Link to Tom's Hardware Article By Dorian Black
Last week, we had the opportunity to sit down with Vivante and discuss the company’s upcoming GPU core. Codenamed Vega, the product is aimed at the mobile, home entertainment, and automotive segments. Suffice to say, Vega looks very promising.
A Little History...
Established in 2004, Vivante has striven to craft mobile GPUs close to their desktop counterparts as possible, all whilst maintaining the utmost power efficiency. Early on, Vivante felt the next major battles for 3D performance would be in the mobile space, so their first GPU core template had full DirectX 9C Shader Model 3 (DX9C SM3) compliance… in 2007. Often, market demands and cost require designs to be simplified, and so Vivante had to simplify the shader pipeline for its first few products. At the time, the market was so focused on 2D games like Angry Birds and simpler lighting models for 3D, that it made far more sense to release OpenGL 1.1- and 2.0-compliant GPUs.
Enter Vega, And Proper OpenGL ES3 Support
That SM3 focus saw gains just recently when Vivante became the first to market with OpenGL ES3 silicon. The company’s GC1000 chip is used in both Google's Chromecast and Samsung's Galaxy Tab 3 7”, along many other devices such as TVs and budget tablets. Meanwhile, the GC4000 is used in Huawei's Ascend P6 and MediaPad 10 models.
Vega expands the product line to bring OpenGL ES3 performance and features by restoring Vivante’s “desktop-style” core and marrying it with the lessons learned in optimization over the last seven years. And that's why Vega shows so much promise. It should be able to offer all the features that current and future mobile apps and OSes will make use of, yet remain incredibly power-efficient. Full DX9C compliance on a mobile GPU is impressive, but doing so without needing fan-based cooling and a giant battery is potentially sublime.
Vega's Key Features
The GPU clock, particularly the shader clock, going over 1Ghz is important and impressive, that's more than double the speed of some of Vivante’s competitors. Moreover, we've confirmed that it's dynamic, clocking down to extremely low speeds when idle, thus saving power and preventing heat generation (an issue plaguing many mobile GPUs today). Vivante made a point of “no fans or giant heat sinks” when discussing this. We think that shows a lot of promise. No matter how cold it is, nobody wants to hold a hot mobile device. It just feels janky.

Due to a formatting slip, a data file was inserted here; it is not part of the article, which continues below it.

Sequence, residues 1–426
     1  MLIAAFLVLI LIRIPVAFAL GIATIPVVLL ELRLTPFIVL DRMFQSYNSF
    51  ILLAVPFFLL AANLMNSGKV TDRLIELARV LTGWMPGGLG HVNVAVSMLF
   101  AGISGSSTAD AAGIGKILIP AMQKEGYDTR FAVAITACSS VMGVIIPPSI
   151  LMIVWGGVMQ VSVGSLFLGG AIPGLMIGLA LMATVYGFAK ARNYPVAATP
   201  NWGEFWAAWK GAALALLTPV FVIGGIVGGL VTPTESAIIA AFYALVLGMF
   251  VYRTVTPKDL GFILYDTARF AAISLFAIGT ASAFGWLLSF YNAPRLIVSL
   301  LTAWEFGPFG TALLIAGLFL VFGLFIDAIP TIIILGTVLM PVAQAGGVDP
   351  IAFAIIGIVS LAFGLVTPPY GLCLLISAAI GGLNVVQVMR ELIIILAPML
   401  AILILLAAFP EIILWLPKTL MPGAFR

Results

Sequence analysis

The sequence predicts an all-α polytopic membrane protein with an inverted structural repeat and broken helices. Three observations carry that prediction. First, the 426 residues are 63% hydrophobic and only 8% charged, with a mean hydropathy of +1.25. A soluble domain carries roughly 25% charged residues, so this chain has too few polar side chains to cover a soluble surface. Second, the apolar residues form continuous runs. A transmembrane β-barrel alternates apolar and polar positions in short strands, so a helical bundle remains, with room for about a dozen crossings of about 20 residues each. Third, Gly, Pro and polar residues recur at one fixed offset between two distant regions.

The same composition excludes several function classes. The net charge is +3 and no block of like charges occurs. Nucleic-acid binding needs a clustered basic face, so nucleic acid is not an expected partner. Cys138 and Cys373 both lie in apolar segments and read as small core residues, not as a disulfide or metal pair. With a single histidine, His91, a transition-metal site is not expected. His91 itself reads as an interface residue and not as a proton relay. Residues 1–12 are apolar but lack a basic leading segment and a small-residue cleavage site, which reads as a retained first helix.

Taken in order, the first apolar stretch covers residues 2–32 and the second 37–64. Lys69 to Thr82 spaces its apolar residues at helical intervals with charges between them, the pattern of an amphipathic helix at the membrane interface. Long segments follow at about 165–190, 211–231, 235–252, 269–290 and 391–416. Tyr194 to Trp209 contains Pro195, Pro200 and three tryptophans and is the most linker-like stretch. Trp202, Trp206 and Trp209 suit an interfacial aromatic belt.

FIHSR will mean that scenes can be optimized on-the-fly via dynamic occlusion culling, thus saving memory, power, and bandwidth. This is a feature that desktop GPUs have had for a while now, but it could also indicate that Vivante is trying to go after Imagination's PowerVR SGX Tile Rendering - another bandwidth and processing saving approach.
As you can see, this is a very similar approach to a desktop GPU, with one standout feature: the Vector Graphics Engine (which we've been informed is both OpenSVG and Adobe Flash compliant). This is mainly for the automotive industry application support (think super-accurate needles and gauges). The rest of the GPU is just an extremely, almost-impossible to starve, little beast. This is due to the massive parallelization going on, so even cache misses won't lead to wasted clock cycles and battery life.
Quality, Not Just Quantity
Vega doesn't just deliver on paper with a laundry list of features. And it doesn't just win some performance benchmarks, more importantly, it seems to deliver in terms of render quality, too. It manages to prove its desktop focus with being able to closely match a PC GPU in terms of shader accuracy, beating out all but one or two of its competitors.
The shader complexity means that Vega can dynamically switch precision, allowing for the most efficient use of both bandwidth and RAM. It also somewhat explains the accuracy in the benchmark cited above: it can have higher precision when the gamut gets broader/more complex, and lower precision when tending towards more primary extremes.
Why This Focus Is So Important Now
OpenGL ES 3 has been supported ever since the release of Android 4.3 “Jelly Bean”, and that means desktop grade fragment shader support for Android. Some developers are already taking advantage of this. One such example can be seen in the Nintendo Gamecube/Wii emulator Dolphin. Here we saw a shift from sub-5 frames per second to ~30 FPS on the same hardware (Nexus 10 and and ARM Chromebook ARM) just by moving from OpenGL ES2 to ES3. It seems likely that we'll see similar performance improvements across the board as more developers shift to OpenGL ES3. So, now is the time for a desktop-equivalent mobile GPU like Vega to take center stage. If Vega can keep moving forward as predicted, by Q4/2014 Vivante may well be producing mobile GPUs that rival mid-range enthusiast-class desktop GPUs - not only in terms of features, but in terms of performance as well.
Interesting times ahead, indeed.